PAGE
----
Ancillary services, such as pharmacy or clinical laboratory, can be a lifeline to a provider, and there’s nothing wrong with having them in your office, but there’s some due diligence that needs to be done, both on your own, and probably with an attorney. If you’re going to wear all the hats of being the prescriber, the laboratorian, and the pharmacy person in your practice, you’re going to be held accountable for that. Think about issues like Stark or self-referral violations, anti-kickback statute, and have as a framework of how your business relationships work with the outsiders that are helping you put that service together. Don’t be too quick to let that outside service come in and do everything for you just so you can put the money in your bank account. Don’t be too quick to take the legal information provided by the companies shopping the ancillary services. Those opinions are typically made for the company shopping them and not in your interest necessarily. Get an evaluation by an independent lawyer, and you’ll be in a lot better shape.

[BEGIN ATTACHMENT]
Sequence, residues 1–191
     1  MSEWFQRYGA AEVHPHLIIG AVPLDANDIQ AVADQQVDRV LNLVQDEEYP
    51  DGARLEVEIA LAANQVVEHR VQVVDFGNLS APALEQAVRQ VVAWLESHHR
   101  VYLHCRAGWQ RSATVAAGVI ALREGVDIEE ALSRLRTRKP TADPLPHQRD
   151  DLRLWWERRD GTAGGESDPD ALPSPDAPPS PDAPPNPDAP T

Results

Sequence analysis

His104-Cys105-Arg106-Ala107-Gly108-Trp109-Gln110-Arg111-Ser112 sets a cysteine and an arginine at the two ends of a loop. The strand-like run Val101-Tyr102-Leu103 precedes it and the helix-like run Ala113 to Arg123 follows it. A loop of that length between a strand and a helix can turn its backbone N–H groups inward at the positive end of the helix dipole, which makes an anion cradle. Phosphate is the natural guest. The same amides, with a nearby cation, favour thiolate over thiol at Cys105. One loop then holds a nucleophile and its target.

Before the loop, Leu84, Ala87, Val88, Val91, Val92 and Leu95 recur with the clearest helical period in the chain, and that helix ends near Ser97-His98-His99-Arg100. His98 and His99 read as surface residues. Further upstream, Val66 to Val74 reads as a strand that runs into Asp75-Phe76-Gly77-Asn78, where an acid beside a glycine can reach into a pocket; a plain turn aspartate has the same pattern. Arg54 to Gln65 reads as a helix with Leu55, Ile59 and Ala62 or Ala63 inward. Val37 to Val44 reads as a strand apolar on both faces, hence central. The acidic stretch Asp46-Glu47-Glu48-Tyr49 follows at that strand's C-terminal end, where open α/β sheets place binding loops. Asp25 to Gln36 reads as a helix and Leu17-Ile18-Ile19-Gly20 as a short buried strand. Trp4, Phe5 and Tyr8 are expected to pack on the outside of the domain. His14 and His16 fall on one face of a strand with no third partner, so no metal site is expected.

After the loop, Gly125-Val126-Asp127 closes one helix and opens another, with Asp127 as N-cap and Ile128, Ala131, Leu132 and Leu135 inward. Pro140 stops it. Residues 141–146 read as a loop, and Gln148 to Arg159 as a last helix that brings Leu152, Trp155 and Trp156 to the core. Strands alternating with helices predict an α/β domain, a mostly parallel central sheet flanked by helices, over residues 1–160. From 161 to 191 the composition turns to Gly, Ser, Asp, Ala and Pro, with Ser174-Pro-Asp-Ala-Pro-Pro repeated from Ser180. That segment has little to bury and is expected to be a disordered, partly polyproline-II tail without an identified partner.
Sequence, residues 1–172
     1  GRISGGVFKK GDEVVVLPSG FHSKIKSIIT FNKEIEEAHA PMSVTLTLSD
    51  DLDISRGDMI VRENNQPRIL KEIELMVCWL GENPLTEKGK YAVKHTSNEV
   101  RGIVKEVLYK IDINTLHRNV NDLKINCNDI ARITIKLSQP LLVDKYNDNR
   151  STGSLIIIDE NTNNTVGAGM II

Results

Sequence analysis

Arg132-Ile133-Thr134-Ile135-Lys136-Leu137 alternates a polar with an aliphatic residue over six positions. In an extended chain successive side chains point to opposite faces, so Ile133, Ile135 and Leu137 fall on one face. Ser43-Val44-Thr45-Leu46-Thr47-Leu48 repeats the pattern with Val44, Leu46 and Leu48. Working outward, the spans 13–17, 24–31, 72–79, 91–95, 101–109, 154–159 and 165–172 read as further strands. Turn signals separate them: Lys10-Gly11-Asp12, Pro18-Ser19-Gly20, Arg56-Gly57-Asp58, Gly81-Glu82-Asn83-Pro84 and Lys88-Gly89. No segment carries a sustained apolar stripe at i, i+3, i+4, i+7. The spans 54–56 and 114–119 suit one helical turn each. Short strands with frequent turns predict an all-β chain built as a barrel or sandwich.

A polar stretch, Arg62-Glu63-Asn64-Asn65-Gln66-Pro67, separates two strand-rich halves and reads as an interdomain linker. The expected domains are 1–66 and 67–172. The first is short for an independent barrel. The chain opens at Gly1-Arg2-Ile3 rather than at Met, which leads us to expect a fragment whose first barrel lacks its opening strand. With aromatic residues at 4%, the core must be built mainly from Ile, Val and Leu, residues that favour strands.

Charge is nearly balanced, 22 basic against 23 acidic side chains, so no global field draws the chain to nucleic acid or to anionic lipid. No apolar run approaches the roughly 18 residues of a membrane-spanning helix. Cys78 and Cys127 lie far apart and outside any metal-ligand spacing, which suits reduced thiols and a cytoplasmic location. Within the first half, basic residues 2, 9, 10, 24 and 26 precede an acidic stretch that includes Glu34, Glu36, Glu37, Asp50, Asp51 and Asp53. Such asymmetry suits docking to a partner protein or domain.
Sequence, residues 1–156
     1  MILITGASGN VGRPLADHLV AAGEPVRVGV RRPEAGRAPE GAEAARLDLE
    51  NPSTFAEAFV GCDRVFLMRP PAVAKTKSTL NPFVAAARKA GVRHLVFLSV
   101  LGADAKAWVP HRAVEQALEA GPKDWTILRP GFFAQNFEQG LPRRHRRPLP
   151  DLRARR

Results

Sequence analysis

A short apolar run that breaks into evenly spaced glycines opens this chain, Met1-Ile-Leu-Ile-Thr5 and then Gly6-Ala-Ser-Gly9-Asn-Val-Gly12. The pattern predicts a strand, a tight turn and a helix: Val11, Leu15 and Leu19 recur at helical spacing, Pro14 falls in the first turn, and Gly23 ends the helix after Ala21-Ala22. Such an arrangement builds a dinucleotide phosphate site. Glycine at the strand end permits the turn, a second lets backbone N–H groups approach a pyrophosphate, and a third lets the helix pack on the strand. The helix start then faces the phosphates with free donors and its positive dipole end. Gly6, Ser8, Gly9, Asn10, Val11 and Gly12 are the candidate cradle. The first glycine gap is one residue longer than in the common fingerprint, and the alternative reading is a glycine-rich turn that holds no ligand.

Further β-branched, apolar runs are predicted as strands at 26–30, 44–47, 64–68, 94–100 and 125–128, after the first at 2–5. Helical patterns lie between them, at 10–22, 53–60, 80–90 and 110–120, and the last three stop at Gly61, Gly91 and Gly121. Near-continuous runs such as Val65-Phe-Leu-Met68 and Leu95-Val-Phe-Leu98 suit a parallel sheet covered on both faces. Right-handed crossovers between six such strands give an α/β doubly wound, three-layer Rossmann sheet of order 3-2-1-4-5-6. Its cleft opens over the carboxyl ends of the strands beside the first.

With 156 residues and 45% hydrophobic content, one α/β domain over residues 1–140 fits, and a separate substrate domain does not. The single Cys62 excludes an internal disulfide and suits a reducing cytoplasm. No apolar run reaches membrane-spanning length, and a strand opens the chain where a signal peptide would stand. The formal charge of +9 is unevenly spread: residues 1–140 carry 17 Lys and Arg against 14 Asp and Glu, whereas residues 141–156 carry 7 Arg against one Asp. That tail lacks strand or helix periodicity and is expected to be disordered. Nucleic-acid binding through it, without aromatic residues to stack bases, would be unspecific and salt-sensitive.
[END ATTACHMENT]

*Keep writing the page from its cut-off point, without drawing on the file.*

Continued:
So, there are good ways to run an ancillary services, and a lot of patients like having those right there in one central location, but make sure you follow disclosure rules set out by your licensing boards, do it ethically and above board and you won’t have to worry about the money.